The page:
4. The only other question is with reference to issue 4. It was not very seriously pressed by Mr. Tirunarayanachariar. That issue was 'was the sale to 1st defendant made to satisfy a certain decree and on that ground binding on the other members of the family?' The learned Judge has held that the sale was not binding on the plaintiff and I am certainly not prepared to say that he was wrong. Therefore, it seems to me that this appeal fails and that we must dismiss it with costs.
5. We may assume, for the purposes of the appeal, that the parties to the suit of 1893 were either the same parties that are concerned in these proceedings or parties through whom the present plaintiff and defendant are claiming, and the question to be decided by us is whether the matters substantially and directly in issue in the earlier suit are also matters directly and substantially in issue at present, and therefore, whether the present suit is barred by the plea of res judicata. For the purposes of determining this question, we must see what was the nature of the first suit and what is the nature of the present suit. In the earlier suit, the claim was for a declaration that the members of the family to which the parties belonged were undivided and that the Wills referred to in the plaint in that suit were void by reason of the property having been undivided previous to their execution. Incidental reliefs were asked for, but these were the main questions before the Court in 1893. Now the nature of the present suit has also, in my opinion, to, be determined at least primarily by a reference to the allegations in the plaint and reliefs sought in this suit; and these reliefs are that a declaration be made that the plaintiff in this suit is the nearest reversioner to the husband of the two ladies who have been referred to before us as the widows. This suit is filed on the assumption that the property was divided, as was held in the earlier suit; the relief asked for is based on the construction which is alleged should be placed on the Will and codicil which the plaintiff in the earlier suit wished to be declared to be void but which are admitted for the purposes of this suit to have been valid. It seems to me that taking these facts into consideration, there cannot be much doubt that the decision in the earlier suit cannot be a bar to the present suit. It is, however, argued that a document (Exhibit D. in the present suit) was also put in evidence in the earlier suit (being Exhibit C, therein) and that inasmuch as it was relied upon in the earlier suit and was adjudicated upon, to the extent that it was relied upon the present suit must be barred. I entirely agree with what has fallen from the learned Chief Justice as regards the effect of this document on the questions involved in the earlier suit and that it is unnecessary for us to consider what was the exact bearing of this document in that suit. For the present purposes, I think it is enough to state that the plaintiff's suit does not rest on Exhibit C, that the highest at which the argument for the appellant can be put is this: that in the earlier suit a document was relied upon by the plaintiff and that in the present suit the same document is relied upon by the opponents of the plaintiff. I, therefore, agree that this suit is not barred by the operation of Section 11 of the Civil Procedure Code.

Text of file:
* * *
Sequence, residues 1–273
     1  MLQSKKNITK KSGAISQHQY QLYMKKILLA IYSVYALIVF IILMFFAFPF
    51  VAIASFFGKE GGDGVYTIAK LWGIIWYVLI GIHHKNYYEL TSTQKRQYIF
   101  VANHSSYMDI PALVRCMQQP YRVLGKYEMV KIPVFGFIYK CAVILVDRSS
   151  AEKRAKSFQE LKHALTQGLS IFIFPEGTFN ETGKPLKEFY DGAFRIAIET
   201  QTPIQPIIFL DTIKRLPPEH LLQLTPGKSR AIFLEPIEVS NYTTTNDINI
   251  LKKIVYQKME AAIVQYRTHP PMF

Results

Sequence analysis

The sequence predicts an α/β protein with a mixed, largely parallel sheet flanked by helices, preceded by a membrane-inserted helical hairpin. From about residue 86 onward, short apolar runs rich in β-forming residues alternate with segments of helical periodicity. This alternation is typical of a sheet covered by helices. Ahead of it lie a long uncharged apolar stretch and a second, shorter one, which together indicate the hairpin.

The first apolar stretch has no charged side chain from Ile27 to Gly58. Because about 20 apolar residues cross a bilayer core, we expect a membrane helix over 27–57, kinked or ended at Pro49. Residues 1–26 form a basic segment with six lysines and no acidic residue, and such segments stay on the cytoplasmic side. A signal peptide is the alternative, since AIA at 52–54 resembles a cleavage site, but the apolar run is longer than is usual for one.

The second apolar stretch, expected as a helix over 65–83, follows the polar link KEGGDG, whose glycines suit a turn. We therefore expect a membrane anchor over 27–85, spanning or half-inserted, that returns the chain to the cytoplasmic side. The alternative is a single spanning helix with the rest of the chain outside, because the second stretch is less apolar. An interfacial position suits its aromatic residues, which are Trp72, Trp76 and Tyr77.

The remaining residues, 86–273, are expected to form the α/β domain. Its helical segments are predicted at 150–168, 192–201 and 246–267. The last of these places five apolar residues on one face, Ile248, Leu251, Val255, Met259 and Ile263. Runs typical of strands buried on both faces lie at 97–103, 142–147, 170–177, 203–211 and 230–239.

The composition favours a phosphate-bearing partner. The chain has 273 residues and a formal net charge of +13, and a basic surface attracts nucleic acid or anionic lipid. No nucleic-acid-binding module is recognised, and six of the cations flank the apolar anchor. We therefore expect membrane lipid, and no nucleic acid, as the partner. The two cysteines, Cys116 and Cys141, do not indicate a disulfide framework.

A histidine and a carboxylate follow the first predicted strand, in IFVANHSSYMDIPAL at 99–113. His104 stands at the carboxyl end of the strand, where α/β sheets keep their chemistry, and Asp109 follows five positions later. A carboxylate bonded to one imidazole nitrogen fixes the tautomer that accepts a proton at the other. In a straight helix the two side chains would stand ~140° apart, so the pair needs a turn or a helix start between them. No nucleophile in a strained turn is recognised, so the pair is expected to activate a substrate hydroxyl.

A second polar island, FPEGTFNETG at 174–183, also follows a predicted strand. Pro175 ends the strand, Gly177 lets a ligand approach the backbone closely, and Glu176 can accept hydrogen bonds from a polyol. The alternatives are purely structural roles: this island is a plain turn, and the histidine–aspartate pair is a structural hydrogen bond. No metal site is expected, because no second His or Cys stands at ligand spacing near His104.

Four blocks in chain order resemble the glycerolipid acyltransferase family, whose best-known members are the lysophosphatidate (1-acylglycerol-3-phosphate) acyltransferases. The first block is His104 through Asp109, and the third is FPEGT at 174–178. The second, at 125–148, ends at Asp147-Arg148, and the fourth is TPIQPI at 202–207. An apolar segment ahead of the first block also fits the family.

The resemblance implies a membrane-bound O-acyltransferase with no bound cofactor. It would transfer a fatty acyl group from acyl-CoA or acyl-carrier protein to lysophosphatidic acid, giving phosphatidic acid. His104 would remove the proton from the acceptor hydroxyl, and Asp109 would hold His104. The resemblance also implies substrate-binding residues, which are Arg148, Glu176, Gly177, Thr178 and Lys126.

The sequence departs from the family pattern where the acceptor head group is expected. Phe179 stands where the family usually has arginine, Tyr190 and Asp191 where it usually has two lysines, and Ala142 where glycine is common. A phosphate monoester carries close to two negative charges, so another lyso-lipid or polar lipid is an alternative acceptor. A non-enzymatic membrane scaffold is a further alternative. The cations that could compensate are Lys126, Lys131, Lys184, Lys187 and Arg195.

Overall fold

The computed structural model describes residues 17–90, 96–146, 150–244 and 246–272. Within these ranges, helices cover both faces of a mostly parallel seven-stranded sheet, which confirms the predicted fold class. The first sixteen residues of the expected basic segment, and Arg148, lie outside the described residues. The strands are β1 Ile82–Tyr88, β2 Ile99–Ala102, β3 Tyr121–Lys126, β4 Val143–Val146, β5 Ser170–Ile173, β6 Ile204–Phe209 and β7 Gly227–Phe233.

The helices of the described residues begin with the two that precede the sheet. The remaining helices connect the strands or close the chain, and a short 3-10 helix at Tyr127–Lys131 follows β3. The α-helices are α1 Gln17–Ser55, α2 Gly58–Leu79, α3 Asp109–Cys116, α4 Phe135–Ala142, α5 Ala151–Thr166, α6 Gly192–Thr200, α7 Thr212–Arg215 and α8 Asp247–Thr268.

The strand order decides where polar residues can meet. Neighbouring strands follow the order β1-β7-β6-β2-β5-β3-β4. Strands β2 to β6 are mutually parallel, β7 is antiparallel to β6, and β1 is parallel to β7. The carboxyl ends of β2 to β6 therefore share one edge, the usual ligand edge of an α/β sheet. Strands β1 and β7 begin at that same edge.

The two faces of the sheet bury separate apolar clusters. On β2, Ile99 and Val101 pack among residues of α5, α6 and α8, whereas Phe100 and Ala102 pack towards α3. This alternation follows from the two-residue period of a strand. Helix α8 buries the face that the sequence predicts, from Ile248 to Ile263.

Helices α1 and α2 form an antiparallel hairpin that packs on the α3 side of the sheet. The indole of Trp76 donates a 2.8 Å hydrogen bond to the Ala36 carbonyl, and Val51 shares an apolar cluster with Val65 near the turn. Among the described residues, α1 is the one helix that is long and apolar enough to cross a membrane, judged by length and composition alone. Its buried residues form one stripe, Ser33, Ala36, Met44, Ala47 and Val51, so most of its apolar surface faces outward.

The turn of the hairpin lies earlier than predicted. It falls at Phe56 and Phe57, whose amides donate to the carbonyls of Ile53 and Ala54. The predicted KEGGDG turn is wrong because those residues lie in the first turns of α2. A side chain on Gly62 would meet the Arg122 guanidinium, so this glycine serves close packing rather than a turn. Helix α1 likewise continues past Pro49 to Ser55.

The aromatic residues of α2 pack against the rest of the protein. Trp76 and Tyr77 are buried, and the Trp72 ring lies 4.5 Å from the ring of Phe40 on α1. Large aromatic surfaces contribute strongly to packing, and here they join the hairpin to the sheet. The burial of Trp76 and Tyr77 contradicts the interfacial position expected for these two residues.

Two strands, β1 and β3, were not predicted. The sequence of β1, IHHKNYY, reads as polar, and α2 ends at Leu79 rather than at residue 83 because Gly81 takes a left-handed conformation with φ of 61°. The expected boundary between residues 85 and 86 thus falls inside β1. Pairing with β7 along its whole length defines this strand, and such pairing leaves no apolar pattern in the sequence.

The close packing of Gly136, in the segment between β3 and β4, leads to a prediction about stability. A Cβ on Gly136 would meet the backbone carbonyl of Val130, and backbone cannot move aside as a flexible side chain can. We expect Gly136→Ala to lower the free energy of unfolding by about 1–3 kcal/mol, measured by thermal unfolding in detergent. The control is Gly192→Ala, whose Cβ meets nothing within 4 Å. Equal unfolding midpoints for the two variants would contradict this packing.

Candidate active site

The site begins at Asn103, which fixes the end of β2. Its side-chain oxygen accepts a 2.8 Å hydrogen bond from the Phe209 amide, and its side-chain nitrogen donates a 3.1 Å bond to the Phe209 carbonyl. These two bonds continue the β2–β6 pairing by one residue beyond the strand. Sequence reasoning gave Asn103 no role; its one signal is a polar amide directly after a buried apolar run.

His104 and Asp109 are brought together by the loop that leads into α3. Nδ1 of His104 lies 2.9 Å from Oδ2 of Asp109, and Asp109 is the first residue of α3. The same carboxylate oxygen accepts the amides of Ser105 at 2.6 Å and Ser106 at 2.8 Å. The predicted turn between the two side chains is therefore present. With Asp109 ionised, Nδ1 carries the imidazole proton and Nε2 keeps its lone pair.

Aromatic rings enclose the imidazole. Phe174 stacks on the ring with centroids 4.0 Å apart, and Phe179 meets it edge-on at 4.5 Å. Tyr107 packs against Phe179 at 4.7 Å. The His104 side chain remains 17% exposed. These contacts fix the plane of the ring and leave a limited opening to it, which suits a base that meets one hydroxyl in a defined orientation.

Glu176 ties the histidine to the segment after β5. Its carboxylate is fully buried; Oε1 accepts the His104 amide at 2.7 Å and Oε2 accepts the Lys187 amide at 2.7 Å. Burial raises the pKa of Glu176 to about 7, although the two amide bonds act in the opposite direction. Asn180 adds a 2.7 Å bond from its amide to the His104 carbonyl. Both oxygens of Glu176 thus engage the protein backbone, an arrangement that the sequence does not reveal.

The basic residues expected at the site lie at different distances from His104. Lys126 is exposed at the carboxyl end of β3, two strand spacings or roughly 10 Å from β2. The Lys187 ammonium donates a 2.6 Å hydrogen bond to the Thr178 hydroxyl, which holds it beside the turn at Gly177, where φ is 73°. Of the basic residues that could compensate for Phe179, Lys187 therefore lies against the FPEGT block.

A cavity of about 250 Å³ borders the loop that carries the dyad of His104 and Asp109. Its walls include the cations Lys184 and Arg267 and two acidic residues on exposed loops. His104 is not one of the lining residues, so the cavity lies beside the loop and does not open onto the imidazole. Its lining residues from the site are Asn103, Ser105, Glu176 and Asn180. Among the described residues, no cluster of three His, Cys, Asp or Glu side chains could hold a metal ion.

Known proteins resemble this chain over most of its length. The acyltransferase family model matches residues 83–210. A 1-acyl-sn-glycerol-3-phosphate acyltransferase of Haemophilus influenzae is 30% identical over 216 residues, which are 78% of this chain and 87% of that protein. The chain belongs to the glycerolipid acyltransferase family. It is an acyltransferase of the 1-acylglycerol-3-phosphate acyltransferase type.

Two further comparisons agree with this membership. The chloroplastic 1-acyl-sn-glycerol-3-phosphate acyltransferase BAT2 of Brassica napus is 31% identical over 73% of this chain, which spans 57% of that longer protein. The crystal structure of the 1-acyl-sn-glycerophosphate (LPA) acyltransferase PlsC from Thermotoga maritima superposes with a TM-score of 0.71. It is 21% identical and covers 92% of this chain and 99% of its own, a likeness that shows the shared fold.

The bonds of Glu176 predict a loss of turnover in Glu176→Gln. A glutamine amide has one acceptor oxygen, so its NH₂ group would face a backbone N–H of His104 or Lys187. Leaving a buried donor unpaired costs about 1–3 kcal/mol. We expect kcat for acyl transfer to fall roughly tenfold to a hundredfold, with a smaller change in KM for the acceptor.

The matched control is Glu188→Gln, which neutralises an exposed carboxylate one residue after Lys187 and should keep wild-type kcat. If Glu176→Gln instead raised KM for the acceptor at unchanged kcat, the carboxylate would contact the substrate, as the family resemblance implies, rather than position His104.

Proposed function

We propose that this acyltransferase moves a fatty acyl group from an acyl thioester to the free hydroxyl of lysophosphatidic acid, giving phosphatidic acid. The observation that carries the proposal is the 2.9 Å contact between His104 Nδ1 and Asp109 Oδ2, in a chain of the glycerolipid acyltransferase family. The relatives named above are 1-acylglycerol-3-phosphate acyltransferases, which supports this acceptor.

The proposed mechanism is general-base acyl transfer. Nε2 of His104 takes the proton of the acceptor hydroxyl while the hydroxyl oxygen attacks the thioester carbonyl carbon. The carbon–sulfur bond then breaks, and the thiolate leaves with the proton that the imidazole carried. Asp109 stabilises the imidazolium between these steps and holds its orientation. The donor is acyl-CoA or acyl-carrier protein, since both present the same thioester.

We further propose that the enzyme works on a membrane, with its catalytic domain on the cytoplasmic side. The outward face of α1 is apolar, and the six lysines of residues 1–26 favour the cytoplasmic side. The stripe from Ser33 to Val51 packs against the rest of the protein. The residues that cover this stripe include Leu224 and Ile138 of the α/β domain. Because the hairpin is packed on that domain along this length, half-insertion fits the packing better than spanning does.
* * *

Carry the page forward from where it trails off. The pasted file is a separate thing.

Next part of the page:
6. If, therefore, the present suit is not barred on the plea of res judicata, the question is whether the plaintiff has made out, on the construction of the Will and codicil, that the widows took only a life-estate. I agree with what the learned Chief Justice has said as regards the construction of the Will and I have come to the conclusion that the widows took only a life-estate by the following amongst other considerations. There is no distinct statement in the Will that the property is to be taken by the widows; and 1 think on a consideration of the provisions of the Will and codicil, which for this purpose must, of course, be read together, it is abundantly clear that what the testator had in mind was to assume the enjoyment by the widows for their life-time of this property, to make it quite certain that they were entitled to hold that property and safeguard them from being disturbed in their possession of it by Tulukkanan and by that branch of the family. I think there is an entire absence of anything to show that the testator for a moment considered what was to become of the property after the widows had had their life estate therein; and this is made clearer when we consider the nature of the rights that the testator gave and the terras in which he gave those rights to Murugappa and also the terms in which he bequeathed to the widows the moveable properties. With regard to the latter, the testator is careful to mention not only that the widows may enjoy or shall enjoy the moveables but also that they may deal with them as they wish. There is an absence of any power to the widows to deal with the immoveable property in question. I need hardly say that in construing the clause of a Will of this nature in favour of the widows of a Hindu testator, it is impossible not to bear in mind the remarks of their Lordships of the Privy Council in the case of Mahomed Shamsool Hoda v. Shewakram 2 I.A. 7; 14 B.L.R. 226; 22 W.R. 409 which were recently alluded to in the case of Radha Prosad Mullick v. Rani Moni Dasi 35 C.P 896; 12 C.W.N. 729 For these reasons and for the reasons stated by the learned Chief Justice, I agree that this appeal should be dismissed with costs.